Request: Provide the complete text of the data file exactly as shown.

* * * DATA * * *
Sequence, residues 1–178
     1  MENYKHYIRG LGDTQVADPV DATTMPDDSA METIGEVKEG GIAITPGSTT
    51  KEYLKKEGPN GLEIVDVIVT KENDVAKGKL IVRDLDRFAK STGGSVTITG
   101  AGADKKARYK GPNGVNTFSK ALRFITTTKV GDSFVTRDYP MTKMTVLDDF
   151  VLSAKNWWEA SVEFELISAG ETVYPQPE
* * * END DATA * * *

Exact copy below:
Sequence, residues 1–178
     1  MENYKHYIRG LGDTQVADPV DATTMPDDSA METIGEVKEG GIAITPGSTT
    51  KEYLKKEGPN GLEIVDVIVT KENDVAKGKL IVRDLDRFAK STGGSVTITG
   101  AGADKKARYK GPNGVNTFSK ALRFITTTKV GDSFVTRDYP MTKMTVLDDF
   151  VLSAKNWWEA SVEFELISAG ETVYPQPE